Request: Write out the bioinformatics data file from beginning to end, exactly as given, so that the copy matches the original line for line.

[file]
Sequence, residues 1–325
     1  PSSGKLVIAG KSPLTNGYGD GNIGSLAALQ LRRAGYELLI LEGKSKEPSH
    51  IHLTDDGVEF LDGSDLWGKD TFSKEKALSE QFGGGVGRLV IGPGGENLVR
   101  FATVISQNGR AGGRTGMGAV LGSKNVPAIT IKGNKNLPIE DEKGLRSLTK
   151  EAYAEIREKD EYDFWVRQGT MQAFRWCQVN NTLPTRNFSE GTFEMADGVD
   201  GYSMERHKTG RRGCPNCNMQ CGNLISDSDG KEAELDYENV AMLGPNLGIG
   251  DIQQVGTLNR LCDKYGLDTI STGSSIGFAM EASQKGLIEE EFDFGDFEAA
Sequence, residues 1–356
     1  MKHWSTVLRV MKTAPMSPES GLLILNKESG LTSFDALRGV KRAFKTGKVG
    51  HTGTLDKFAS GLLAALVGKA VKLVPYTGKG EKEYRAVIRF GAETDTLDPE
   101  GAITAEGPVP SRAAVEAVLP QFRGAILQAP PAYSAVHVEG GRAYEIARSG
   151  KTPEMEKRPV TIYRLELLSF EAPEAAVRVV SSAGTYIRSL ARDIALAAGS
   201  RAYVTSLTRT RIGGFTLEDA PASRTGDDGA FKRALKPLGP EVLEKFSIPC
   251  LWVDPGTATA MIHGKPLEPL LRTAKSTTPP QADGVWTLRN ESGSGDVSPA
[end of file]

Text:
Sequence, residues 1–325
     1  PSSGKLVIAG KSPLTNGYGD GNIGSLAALQ LRRAGYELLI LEGKSKEPSH
    51  IHLTDDGVEF LDGSDLWGKD TFSKEKALSE QFGGGVGRLV IGPGGENLVR
   101  FATVISQNGR AGGRTGMGAV LGSKNVPAIT IKGNKNLPIE DEKGLRSLTK
   151  EAYAEIREKD EYDFWVRQGT MQAFRWCQVN NTLPTRNFSE GTFEMADGVD
   201  GYSMERHKTG RRGCPNCNMQ CGNLISDSDG KEAELDYENV AMLGPNLGIG
   251  DIQQVGTLNR LCDKYGLDTI STGSSIGFAM EASQKGLIEE EFDFGDFEAA
Sequence, residues 1–356
     1  MKHWSTVLRV MKTAPMSPES GLLILNKESG LTSFDALRGV KRAFKTGKVG
    51  HTGTLDKFAS GLLAALVGKA VKLVPYTGKG EKEYRAVIRF GAETDTLDPE
   101  GAITAEGPVP SRAAVEAVLP QFRGAILQAP PAYSAVHVEG GRAYEIARSG
   151  KTPEMEKRPV TIYRLELLSF EAPEAAVRVV SSAGTYIRSL ARDIALAAGS
   201  RAYVTSLTRT RIGGFTLEDA PASRTGDDGA FKRALKPLGP EVLEKFSIPC
   251  LWVDPGTATA MIHGKPLEPL LRTAKSTTPP QADGVWTLRN ESGSGDVSPA